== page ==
Graham had a 4 million dollar war chest to Witherspoon’s quarter of a million and the support of every single major Republican in the state including Senator Jim DeMint and Governor Mark Sanford. Graham defeated Witherspoon in a landslide.
VDARE.com readers do not need to be reminded of just how bad McCain is on amnesty. He was the primary sponsor of the mass amnesty bills in 2006 and 2007.
In 2010, former Congressman J.D. Hayworth, who was one of the leading opponents of mass immigration in the House, challenged John McCain in the primary.
In April of 2010, Arizona passed SB 1070, which made the state the center of the national immigration debate. 55 % of Arizonans and an astonishing 88% of Arizona Republicans supported the measure. [Support or opposition to SB 1070 in Arizona depends on who you are, by Hugh Holub, July 25, 2010]
So John McCain shamelessly endorsed SB 1070, released a 10 point border security plan calling for troops on the border, and even toyed with abolishing birthright citizenship. McCain also appeared in an ad with Sheriff Paul Babeu, and demanded the government "complete the danged fence." Babeu responded, "Senator, you're one of us." (Given Babeu’s later revealed homosexual affair, this could take a different meaning today, but I digress.)
McCain should have been laughed out of the state for making such a hypocritical statement. In 2008, he had said that he would build a fence in exchange for amnesty, but that “I think the fence is least effective. But I’ll build the goddamned fence if they want it.”
However, McCain like Graham was able to significantly outraise Hayworth—20 million dollars to three million. The GOP and the Conservative Establishment, including Mitt Romney, Sarah Palin (!), Jan Brewer, the NRA, National Review, and every congressman in Arizona, all endorsed him. SB 1070 author Russell Pearce and Sheriff Joe Arpaio endorsed Hayworth. JD Hayworth ran an excellent ad, showing McCain’s flip flops on immigration that concluded: “Campaign McCain talks tough. Senator McCain talks amnesty.”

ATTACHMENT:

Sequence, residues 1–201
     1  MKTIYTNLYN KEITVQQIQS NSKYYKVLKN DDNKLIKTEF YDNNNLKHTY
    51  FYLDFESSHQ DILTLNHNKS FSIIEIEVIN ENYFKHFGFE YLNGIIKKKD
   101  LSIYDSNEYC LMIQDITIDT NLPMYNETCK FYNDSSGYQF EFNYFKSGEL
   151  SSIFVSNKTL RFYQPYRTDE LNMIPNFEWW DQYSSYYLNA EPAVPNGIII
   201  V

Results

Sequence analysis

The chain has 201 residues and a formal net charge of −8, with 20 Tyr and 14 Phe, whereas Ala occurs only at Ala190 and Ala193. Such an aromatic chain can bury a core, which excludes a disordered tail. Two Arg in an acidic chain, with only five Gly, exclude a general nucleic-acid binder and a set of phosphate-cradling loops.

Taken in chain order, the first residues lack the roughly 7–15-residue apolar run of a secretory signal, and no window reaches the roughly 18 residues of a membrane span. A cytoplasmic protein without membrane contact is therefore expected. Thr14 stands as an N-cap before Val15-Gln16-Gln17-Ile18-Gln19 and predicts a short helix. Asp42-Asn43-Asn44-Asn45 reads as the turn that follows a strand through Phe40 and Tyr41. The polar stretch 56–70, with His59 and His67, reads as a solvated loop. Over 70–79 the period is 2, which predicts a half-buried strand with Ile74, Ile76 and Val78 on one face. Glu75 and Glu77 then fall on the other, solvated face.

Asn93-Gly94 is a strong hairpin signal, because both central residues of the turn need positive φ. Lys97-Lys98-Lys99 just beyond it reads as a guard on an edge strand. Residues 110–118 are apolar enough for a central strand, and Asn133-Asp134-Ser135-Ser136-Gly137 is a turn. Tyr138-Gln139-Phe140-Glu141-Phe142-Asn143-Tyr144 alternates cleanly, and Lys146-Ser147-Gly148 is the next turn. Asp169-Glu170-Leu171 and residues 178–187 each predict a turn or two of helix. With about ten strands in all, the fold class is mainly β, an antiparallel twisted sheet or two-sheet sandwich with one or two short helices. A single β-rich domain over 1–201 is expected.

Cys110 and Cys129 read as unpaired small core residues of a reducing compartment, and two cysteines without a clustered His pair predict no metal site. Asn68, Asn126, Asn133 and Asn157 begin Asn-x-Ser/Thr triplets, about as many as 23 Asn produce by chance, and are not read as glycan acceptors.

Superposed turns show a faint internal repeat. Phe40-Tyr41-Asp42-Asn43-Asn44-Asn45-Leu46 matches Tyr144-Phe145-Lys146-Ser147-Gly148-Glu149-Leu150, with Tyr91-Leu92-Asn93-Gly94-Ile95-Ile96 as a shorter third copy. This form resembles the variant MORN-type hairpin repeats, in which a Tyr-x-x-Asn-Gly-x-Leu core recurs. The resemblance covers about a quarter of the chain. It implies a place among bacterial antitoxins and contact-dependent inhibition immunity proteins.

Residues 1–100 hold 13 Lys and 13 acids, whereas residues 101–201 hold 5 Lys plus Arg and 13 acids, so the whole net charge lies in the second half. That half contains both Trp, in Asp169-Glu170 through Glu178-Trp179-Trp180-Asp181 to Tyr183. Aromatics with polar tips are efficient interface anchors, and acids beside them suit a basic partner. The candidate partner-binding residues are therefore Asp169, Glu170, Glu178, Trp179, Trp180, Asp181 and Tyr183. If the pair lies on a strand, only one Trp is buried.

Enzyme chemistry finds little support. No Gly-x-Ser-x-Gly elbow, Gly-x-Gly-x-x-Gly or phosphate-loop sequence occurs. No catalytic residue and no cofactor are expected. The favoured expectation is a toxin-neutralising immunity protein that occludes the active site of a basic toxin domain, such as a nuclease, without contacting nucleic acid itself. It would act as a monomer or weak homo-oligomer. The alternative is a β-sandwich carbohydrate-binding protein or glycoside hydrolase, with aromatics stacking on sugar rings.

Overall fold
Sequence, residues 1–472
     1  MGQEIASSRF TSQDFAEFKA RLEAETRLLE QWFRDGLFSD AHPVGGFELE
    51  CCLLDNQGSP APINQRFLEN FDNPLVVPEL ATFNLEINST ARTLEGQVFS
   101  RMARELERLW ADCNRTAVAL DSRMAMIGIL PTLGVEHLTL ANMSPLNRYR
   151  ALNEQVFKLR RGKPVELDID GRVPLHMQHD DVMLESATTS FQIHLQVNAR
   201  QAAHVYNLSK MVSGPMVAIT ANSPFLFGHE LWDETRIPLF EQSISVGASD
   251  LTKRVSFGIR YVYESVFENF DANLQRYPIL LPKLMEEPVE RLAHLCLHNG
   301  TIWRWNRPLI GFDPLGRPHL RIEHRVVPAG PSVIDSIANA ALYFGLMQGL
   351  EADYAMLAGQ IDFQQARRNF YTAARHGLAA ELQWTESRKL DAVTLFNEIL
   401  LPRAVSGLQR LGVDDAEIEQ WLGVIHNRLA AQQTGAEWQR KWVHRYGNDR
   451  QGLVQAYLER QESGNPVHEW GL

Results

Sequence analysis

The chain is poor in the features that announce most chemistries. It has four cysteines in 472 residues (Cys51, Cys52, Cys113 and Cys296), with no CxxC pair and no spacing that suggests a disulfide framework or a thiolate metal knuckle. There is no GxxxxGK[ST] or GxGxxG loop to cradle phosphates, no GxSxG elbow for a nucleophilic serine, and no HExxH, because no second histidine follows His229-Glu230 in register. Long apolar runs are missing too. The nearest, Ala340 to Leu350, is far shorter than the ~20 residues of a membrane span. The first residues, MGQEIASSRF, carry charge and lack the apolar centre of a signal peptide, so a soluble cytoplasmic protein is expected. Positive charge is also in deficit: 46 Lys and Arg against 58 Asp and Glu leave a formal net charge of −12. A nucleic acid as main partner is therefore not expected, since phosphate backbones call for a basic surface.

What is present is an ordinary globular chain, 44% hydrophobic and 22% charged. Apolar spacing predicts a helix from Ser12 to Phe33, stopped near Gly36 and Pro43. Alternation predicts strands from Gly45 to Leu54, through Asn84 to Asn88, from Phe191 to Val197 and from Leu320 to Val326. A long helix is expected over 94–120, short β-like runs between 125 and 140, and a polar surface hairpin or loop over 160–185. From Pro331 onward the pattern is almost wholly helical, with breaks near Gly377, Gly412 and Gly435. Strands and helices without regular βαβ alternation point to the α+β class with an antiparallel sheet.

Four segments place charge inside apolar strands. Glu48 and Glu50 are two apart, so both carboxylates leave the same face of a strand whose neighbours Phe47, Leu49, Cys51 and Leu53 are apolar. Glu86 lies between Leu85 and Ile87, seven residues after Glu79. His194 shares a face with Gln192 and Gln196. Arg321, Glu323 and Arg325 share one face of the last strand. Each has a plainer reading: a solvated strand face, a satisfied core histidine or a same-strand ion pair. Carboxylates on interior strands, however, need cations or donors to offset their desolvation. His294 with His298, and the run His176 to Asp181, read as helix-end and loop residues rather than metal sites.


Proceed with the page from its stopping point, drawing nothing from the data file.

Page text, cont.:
Unfortunately, McCain fooled the voters and beat Hayworth in a landslide.
I could do Monday morning quarterbacking and criticize Cardon, Witherspoon, and Hayworth for campaign strategy. Yet, at the end of the day, they were principled opponents of amnesty with legitimate credentials. Graham, McCain, and Flake were well known mass-immigration enthusiasts.
Of course, these immigration patriots’ efforts were not in vain. They very economically forced these GOP proditors to spend enormous amounts of money and tell so many lies that even their liberal MSM enablers began to ridicule them. Obama Immigration Reform: GOP Hypocritical For Attacking DREAM Act, wrote Paul Anderson at PolicyMic seven months ago, naming Graham and McCain. This is not a posture that professional politicians want to be forced into.
Rubio is another story, and worth more analysis. I have warned voters against Rubio since before he even was elected to the Senate: he had been involved in surreptitious sabotaging of immigration patriot legislation in the Florida legislature. But he was never a flagrant supporter of amnesty in the way that the other three GOP members of the Gang of Eight were. Moreover, he ran to Florida governor Charlie Crist’s right on the issue—in the GOP primary and then in the general election.
Immigration patriots have a difficult, but in my opinion winnable, battle to defeat the Gang of Eight/Obama amnesty.
However, to achieve ultimate victory, American voters need to see through the millions of dollars in advertising, the promos by various Conservatism Inc. celebrities, and above all stop respecting the terminally corrupt Establishment GOP leadership—and vote in a new generation of immigration patriots.
"Washington Watcher" [email him] is an anonymous source Inside The Beltway